He continues, “We quickly found out that everyone on our team thoroughly enjoyed the experience. It was a lot more than helping a person learn to speak in front of others.”
The added value he speaks of is the team building. “We walked out amazed at what we had learned about the people we work with every day, which helped us communicate better within our own office and grow together as a team. In my opinion, this was the strongest value and the biggest takeaway.”
Further benefits include competitive differentiation, increased trust of teammates and management, confidence, inspiration and the non-pitch sales pitch.
“If there’s a deal on the fence, the one thing that will push it your way is authenticity,” Solomon explains.
Suzanne Fetscher, president of the McColl Center for Visual Art, echoes the benefits of the training: “Interact’s program was powerful and amazingly helpful for a relatively short workshop. I felt so much more at ease about making authentic presentations after it.”
Another division of Interact is its Leadership Circle. Membership means inclusion in a small group of six decision-makers from different industries who are interested in authentic speaking as a strategy for success. Groups meet four times over the course of three months and participants exit with an authentic leadership story that communicates who they are in a powerful way.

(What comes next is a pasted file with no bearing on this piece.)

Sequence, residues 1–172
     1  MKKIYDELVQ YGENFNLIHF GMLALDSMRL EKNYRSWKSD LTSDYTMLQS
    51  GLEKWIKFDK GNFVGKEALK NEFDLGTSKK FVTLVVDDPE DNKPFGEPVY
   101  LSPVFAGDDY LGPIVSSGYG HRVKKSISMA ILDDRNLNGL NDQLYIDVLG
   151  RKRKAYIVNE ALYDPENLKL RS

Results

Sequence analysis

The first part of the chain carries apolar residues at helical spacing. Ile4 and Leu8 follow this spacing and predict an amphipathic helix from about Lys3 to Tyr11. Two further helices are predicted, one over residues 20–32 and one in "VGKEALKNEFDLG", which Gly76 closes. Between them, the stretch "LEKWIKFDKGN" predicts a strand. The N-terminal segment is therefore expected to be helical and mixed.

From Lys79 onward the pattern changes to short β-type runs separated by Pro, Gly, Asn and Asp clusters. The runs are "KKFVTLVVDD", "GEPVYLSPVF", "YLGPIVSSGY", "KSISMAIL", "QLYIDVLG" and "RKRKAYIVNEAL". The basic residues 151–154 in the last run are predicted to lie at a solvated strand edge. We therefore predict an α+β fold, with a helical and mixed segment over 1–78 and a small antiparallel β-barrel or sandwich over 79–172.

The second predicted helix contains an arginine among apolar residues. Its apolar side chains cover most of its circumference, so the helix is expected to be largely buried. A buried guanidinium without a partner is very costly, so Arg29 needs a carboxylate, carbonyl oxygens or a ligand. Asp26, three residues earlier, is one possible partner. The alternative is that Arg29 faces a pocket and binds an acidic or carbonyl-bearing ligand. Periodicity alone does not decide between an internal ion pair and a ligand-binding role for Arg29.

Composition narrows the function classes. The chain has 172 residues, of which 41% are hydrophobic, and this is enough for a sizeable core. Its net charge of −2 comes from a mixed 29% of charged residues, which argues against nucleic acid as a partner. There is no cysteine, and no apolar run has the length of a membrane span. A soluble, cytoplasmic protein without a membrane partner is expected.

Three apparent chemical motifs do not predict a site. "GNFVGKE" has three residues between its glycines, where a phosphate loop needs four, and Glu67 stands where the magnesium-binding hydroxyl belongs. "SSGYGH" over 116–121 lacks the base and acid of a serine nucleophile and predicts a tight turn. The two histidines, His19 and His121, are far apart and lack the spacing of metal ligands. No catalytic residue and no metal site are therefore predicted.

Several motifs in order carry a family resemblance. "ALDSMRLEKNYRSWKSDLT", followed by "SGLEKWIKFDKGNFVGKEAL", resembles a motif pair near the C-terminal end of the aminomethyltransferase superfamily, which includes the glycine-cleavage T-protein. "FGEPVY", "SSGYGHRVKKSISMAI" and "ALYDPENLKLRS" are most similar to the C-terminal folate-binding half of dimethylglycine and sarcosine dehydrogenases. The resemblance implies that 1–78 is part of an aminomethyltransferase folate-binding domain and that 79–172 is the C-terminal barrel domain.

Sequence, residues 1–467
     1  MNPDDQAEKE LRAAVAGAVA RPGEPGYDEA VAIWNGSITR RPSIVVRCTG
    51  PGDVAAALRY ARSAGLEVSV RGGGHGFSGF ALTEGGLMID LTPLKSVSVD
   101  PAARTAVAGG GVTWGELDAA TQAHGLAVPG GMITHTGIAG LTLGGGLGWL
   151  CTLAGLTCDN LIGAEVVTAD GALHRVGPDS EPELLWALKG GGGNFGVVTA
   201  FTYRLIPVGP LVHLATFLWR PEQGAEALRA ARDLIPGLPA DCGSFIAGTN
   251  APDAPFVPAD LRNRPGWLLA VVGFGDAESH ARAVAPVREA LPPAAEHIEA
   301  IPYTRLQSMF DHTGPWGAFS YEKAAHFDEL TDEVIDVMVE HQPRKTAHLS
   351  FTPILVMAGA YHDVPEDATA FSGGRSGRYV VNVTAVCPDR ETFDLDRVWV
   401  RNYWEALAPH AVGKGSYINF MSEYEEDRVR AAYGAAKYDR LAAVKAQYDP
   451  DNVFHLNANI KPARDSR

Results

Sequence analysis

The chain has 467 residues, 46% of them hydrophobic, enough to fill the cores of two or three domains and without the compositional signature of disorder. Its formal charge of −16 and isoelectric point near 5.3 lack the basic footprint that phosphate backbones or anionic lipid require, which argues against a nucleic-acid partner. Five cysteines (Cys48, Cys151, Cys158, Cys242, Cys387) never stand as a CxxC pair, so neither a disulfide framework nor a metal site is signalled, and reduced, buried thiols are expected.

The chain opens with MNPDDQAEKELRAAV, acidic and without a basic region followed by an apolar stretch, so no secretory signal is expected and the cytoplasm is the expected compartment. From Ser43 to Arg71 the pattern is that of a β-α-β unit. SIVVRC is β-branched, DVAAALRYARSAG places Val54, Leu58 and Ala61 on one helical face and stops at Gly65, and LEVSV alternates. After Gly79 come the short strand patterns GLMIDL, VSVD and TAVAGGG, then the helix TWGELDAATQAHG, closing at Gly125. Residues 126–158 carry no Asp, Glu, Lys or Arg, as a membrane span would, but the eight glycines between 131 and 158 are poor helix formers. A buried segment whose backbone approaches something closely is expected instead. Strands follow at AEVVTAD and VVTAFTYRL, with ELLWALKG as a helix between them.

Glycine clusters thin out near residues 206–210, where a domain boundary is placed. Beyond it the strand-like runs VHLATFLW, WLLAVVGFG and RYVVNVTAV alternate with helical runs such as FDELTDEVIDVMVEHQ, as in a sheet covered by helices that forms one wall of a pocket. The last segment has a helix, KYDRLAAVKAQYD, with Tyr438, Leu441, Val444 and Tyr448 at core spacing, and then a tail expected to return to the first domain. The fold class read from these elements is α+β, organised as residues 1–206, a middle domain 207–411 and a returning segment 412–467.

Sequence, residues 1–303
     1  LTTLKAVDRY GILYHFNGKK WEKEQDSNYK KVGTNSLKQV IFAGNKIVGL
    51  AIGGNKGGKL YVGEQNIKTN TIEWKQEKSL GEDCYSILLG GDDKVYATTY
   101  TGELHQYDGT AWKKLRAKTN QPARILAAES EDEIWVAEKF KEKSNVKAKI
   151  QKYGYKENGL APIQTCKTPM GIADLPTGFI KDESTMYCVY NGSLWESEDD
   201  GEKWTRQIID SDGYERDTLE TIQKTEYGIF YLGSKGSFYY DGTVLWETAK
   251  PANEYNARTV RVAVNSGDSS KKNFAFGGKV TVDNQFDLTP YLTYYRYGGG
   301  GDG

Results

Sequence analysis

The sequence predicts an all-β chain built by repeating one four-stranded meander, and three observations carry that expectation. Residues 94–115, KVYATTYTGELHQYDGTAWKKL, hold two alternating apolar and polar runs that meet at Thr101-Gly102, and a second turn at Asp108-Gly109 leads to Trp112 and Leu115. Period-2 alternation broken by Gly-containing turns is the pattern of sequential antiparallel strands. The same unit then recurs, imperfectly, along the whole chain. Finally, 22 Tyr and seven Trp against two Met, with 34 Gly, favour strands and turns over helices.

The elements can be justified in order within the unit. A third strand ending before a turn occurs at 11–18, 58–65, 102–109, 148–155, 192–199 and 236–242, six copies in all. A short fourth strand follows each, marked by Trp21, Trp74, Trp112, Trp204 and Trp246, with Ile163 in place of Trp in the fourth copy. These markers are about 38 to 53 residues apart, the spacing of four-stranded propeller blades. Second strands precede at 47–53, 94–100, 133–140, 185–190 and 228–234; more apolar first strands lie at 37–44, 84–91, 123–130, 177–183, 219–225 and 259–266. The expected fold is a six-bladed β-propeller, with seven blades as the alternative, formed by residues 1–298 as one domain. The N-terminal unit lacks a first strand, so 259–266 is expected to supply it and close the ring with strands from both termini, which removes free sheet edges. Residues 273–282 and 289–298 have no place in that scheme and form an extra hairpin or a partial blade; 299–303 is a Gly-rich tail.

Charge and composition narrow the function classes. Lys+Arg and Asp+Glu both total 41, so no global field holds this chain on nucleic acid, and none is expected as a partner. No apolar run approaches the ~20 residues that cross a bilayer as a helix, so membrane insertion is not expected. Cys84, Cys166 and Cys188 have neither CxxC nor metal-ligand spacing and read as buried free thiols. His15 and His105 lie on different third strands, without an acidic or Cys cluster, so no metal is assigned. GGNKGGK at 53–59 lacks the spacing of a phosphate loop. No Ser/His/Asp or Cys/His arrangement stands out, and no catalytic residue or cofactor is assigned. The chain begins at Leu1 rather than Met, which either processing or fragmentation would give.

“Your values come from the story of your life—not a how-to handbook. You use what you have. And, for many people, authenticity is the discovery that what they have is more than enough,” comments Solomon.
“Authentic leaders have self-awareness, which starts with being able to tell others what your life has taught you,” Solomon explains, “I have watched so many executives bore audiences by sharing the company’s vision through complex charts and slides. But when given permission, these same executives can inspire people and earn trust by telling a personal story.”
The typical Interact learning experience includes a pre-course assessment, two senior course facilitators teaching the Interact model, breakout video viewing, six videotaped presentations, a video DVD, an individual strength summary, and options for follow up. Some opt for private coaching for help with facing a career change or an important presentation. Solomon describes the mission of these coaching sessions as providing “a personal jolt of empowerment.”
The Necessary Tools